Last year’s hit comedy Romancing the Stone chronicled the adventures and the unlikely love affair that transformed Joan Wilder (Kathleen Turner) from a dowdy romance novelist into a heroine right out of her own writings. As The Jewel of the Nile opens, six months have passed since Joan sailed off with her lover-adventurer, Jack Colton (Michael Douglas), and there is trouble in paradise: Jack is unable to make an emotional commitment to Joan, who, disillusioned by the disintegration of their affair, cannot complete her latest love story. Then an assignment to write the biography of a would-be emperor, Omar (Spiros Focas), lures Joan to a North African kingdom, setting the stage for a clever Hollywood sequel.
But Joan’s suave subject is actually a dangerous despot who has imprisoned the country’s popular holy man (Avner Eisenberg). Meanwhile, Jack and a belligerent little crook, Ralph (Danny DeVito), arrive, hot on the trail of the mysterious “Jewel of the Nile.” Midway through the film, they realize that the jewel is the holy man himself.
The bigger mystery is why Douglas, who produced both movies, used Mark Rosenthal and Lawrence Konner, instead of Romancing’s witty Diane Thomas, to write the script. Except for Eisenberg’s performance, The Jewel of the Nile is uninspired. Indeed, Douglas fails to offer the basic element of a good sequel: more of the same.
SPIES LIKE US
Directed by John Landis
Bumbling their way to the brink of a third world war, Dan Aykroyd and Chevy Chase star in Spies Like Us as a pair of American intelligence agents recruited from the basement ranks to act as decoys in a spy mission behind Soviet lines. The ever-earnest Aykroyd plays straight man to the expansively smug Chase, while the beautiful Donna Dixon (Aykroyd’s real-life spouse) serves as sexual decor for a story whose plot is considerably thinner than its production values.
The film-makers have taken pains to find exotic, if glaringly inauthentic, locations: the sands of Morocco double as Pakistan, the snows of Norway serve as Afghanistan. As the pair traipse
through the scenery, Spies satirizes a panorama of movie clichés—from the orchestral surges of the score of Dr. Zhivago to the military madness of Dr. Strangelove.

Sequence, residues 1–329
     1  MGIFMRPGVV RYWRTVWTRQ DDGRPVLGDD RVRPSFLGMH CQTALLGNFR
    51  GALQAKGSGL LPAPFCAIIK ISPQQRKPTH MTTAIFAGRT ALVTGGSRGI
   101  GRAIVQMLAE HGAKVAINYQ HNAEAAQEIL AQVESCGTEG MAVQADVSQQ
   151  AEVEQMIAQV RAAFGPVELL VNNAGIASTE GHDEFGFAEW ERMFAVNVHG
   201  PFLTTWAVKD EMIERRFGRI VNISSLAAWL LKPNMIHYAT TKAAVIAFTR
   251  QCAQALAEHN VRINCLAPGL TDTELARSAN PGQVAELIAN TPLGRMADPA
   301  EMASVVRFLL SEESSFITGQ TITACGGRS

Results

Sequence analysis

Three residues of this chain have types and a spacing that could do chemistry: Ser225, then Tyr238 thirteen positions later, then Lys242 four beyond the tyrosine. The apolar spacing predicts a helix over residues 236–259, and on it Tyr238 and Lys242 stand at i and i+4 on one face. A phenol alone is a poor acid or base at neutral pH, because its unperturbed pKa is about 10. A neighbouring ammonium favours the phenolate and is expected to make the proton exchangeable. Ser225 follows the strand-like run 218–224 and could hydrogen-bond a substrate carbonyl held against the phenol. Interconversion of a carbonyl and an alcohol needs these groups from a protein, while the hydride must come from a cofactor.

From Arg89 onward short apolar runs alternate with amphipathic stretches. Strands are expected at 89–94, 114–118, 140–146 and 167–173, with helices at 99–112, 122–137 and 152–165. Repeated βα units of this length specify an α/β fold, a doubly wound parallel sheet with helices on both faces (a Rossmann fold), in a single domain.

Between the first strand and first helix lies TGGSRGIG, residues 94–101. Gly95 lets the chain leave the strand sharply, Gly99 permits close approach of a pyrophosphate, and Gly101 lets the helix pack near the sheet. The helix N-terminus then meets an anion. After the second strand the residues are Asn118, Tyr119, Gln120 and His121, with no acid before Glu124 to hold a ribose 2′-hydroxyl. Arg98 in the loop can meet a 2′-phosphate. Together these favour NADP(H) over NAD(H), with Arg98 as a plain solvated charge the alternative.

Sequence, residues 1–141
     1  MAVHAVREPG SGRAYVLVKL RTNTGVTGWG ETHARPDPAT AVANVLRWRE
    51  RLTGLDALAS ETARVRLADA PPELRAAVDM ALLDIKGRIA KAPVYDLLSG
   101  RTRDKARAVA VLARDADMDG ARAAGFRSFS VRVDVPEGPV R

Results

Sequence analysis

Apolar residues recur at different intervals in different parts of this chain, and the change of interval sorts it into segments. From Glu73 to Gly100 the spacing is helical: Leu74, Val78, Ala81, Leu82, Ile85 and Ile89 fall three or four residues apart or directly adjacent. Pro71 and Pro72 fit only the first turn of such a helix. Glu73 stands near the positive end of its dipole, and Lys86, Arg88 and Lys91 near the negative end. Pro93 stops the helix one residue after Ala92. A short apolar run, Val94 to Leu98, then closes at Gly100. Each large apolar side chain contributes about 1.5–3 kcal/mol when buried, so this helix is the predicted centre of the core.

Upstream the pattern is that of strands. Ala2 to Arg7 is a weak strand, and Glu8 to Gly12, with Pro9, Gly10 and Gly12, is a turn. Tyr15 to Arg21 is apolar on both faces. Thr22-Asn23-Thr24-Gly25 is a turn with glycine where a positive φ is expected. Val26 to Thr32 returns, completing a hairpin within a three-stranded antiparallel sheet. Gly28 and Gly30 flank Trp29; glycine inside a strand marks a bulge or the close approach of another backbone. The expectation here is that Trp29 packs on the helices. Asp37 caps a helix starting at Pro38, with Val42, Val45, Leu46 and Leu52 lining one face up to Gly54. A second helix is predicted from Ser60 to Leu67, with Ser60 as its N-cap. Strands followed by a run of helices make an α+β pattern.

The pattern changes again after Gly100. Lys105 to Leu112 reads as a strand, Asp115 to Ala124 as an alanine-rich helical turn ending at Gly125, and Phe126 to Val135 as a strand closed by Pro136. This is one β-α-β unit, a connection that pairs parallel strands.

Although the humor is sophomoric,the satire is often on target. Gen. Sline (Steve Forrest) operates an underground command post buried deep beneath an abandoned drive-in movie lot. The movie screen folds down, giving way to reflector dishes which rise out of the ground as Sline issues the order to deploy a new laser-satellite defence system: “Bring all the birds into final bounce mode.”
If nothing else, Spies Like Us provides witty commentary on U.S. President Ronald Reagan’s Star Wars project. But Aykroyd’s partnership with Chase lacks chemistry, especially when compared with the comic pyrotechnics of his collaboration with the late John Belushi. The result is that their humor rarely crosses the frontier from amusement to hilarity. -BRIAN D. JOHNSON
THE COLOR PURPLE
Directed by Steven Spielberg
Alice Walker’s Pulitzer Prize-winning novel, The Color Purple, told the story of Celie, who is “black, poor, ugly and a woman”—or as her husband, Albert, puts it, “nothin’.” Yet Celie has an inner beauty, and the book memorably portrays her self-discovery. Written as a
series of letters, first to God and then to her sister, Nettie, a missionary in Africa, The Color Purple is a down-to-earth fairy tale. But Steven Spielberg’s adaptation sweetens the story, adding a syrupy musical score and pastel cinematography. Gone are the rhythmical black Georgia dialect, the poverty and the coarse language. What remains is a sanitized version of Walker’s painfully moving account—made inoffensive for popular consumption.
As Celie, Whoopi Goldberg is more of a simpleton than a simple woman. Albert (Danny Glover) beats her up and hides Nettie’s letters from her. Then Celie’s lifeline arrives in the person of a blues singer, Shug Avery (Margaret Avery), Albert’s sometime mistress. Through Shug, Celie finds the strength to become her own person and leave Albert. But apart from one romantic scene the viewer barely knows that Celie is a lesbian, and there is no suggestion that she and Shug become lovers. By excising as much as he does, Spielberg creates problems in the storytelling. Characters in the movie emerge unexpectedly, with passions and interests for which the audience is totally unprepared.
The Color Purple is the story of one woman’s growth against incredible odds. But Spielberg glosses over his heroine’s transformation. Instead, he has concentrated on making his movie pretty and palatable—turning The Color Purple into shades of lavender. -L. OT.
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